This is why I think I don’t believe morality everywhere: it didn’t serve the purpose of a belief. It was an adornment, an intellectual jewel. It allowed me to virtue-signal to myself. But it didn’t help me to get along in the world or make much sense of things.
I still find myself assenting to morality everywhere when I consider it. Yet it is not a belief, because I haven’t done what I need to do to make it function as one. I have not trained my flesh to go where my spirit wills, and that’s because of character flaws—sloth, conformity, and timorousness. So, consider this confession also a resolution: I’ve messed up, and I have to make some changes.
Whether or not I actually make the changes, though, depends on whether this confession is done just to curry more favor with myself. The jury is still out.
One addendum: throughout this essay, I have acted as though I accept Singer’s version of morality everywhere. In point of fact, I don’t. His is too extreme. Indeed, about Singer’s morality, I accept a kind of inverse of Susan Wolf’s criticism: it’s not that it’s undesirable to be a moral saint because of all the important goods in life they’re missing, it’s that it’s impossible to be a moral saint because of how everyone else lives their lives and because of how we are — or at least how I am — constituted. Let me explain.
Above, I wrote that the moral saint whose beliefs aligned with his aliefs would be drawn to morally good things, averse to morally bad things, guilty for failing to do the good, and proud for refraining from the bad. This, however, is far too simple of a picture of such a person.
First, to become a moral saint, he would have to resist familial love, or at least regularly consider doing so. Whenever he devoted considerable time to his children, not just meeting their needs, but actively improving them, he would have to consider, “is this OK?” (Witness the case of Harry Brighouse and Adam Swift, who fretted that well-off people reading to their kids gave them unfair social advantages; in the end, they conclude that it’s permissible to read to your kids, because the benefits of close familial relationships can sometimes outweigh social justice. But there is something profoundly disturbing to me about grudgingly permitting parents to satisfy their strong desire to love their children in this way.)
Second, being a moral saint would make it more difficult to have friends. Some of your friends would defensively condemn you as a do-gooder, out of resentment; some of them would be reluctant to spend time with you, as you would inspire feelings of guilt in them owing to your moral superiority; and some of them, I assume, would be good people.
Third, and perhaps worst, becoming a moral saint could make you alienated from the rest of the world and despairing of any hope for progress. Let me give you an example: for a brief, five-month period, I went on the Atkins Diet. It was quite difficult at first, but it had very positive results for my weight and sense of well-being. But a surprising result was that I became quite judgmental: I would see people buying huge boxes of cereal at Costco, and shaking my head in disappointment. “I can’t believe that people are filling themselves with carbs like that!” I would think.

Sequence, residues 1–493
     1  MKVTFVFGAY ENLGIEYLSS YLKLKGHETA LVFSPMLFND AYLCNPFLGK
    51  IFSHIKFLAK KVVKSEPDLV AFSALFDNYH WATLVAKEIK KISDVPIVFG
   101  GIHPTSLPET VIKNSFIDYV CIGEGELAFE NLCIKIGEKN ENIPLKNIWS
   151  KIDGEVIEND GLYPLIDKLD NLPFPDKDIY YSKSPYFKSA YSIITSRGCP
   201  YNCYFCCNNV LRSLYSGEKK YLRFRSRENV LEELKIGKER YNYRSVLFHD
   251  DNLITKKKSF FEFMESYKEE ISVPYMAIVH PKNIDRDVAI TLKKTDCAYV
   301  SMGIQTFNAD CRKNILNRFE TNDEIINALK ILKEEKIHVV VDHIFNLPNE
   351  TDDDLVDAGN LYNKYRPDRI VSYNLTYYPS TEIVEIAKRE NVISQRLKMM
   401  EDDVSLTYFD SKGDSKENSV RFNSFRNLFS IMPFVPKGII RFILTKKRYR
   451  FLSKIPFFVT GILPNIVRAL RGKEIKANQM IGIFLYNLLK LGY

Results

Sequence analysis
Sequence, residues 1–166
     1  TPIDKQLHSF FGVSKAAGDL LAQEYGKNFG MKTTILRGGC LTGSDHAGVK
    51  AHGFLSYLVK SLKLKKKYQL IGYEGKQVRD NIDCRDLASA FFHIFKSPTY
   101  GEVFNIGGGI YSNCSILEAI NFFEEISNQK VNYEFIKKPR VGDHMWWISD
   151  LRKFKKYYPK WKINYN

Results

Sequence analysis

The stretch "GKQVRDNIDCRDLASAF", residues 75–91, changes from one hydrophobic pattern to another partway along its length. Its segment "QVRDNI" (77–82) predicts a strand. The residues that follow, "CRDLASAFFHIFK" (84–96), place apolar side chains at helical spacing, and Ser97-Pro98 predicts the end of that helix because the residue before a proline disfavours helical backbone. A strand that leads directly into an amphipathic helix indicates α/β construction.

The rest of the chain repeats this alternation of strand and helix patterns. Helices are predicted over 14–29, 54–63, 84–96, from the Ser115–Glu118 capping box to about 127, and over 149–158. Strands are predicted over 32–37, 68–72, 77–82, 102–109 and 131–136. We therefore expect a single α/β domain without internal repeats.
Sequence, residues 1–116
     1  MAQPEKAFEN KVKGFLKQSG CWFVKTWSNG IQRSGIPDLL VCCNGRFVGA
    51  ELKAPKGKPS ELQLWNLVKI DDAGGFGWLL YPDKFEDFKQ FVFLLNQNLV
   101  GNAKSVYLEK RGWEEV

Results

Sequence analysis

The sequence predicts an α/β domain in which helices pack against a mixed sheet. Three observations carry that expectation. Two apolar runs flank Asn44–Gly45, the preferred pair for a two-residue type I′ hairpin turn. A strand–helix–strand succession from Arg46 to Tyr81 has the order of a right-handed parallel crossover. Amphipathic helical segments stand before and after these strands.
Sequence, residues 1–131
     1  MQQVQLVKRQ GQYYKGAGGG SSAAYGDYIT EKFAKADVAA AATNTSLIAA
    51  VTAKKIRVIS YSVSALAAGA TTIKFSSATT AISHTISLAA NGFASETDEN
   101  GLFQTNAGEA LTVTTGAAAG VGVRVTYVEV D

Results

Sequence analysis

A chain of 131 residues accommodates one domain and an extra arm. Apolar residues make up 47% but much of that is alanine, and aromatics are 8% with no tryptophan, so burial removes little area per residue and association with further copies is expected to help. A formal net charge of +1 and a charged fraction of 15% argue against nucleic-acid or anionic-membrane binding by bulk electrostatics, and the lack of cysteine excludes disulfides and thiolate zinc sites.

As is commonly noted, though, morality is bigger than the Atkins diet. Almost every choice everyone makes, almost every way everyone lives, would disappoint you. Especially if you managed to succeed in your moral aims. “If I can do this, why can’t they?”, you might think. And what other answer would you give, other than “because they’re bad people”?
Moreover, you would likely look at the way society is structured and despair of improvement. When I was on the Atkins diet, it seemed like society was an organized conspiracy of carbohydrate-peddlers. No matter where you went, people were enticing you with bread and candy. Surely the same would apply to moral saints: how could you look at contemporary, consumer society and not conclude, “society is designed to get us to value ourselves over others”?
This makes me worry that Singerian-style morality everywhere is self-undermining: even if you succeed in reaching moral sainthood, your arrival there will be short-lived: you will become a morally worse person in how you think of others, you will distance yourself from society, and you may eventually find yourself succumbing to the pull of self.
The kind of morality everywhere I can get behind is one that makes allowances for our desire to fit in, to love our family, and to look at our flawed fellows with respect and understanding. I think of this as the ethical equivalent of tithing. You should give ten per cent of your income: it’s hard, but it’s doable. You may give more, but not if it causes the problems of Singerian moral sainthood. This allows for what Kant called “Spielraum,” a sphere of permissible enjoyment free from moral criticism. There’s a lot more I would have to say to really respond to Singer to my own satisfaction, but I can’t do that right now. Instead, I think I’ll go play with my son.